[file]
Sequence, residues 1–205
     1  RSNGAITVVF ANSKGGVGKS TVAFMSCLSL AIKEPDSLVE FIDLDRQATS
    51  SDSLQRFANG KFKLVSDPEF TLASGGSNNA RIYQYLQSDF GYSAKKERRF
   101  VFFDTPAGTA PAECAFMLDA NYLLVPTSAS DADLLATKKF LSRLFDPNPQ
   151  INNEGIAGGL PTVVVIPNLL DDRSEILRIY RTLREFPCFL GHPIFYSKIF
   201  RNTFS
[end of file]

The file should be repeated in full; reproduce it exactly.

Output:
Sequence, residues 1–205
     1  RSNGAITVVF ANSKGGVGKS TVAFMSCLSL AIKEPDSLVE FIDLDRQATS
    51  SDSLQRFANG KFKLVSDPEF TLASGGSNNA RIYQYLQSDF GYSAKKERRF
   101  VFFDTPAGTA PAECAFMLDA NYLLVPTSAS DADLLATKKF LSRLFDPNPQ
   151  INNEGIAGGL PTVVVIPNLL DDRSEILRIY RTLREFPCFL GHPIFYSKIF
   201  RNTFS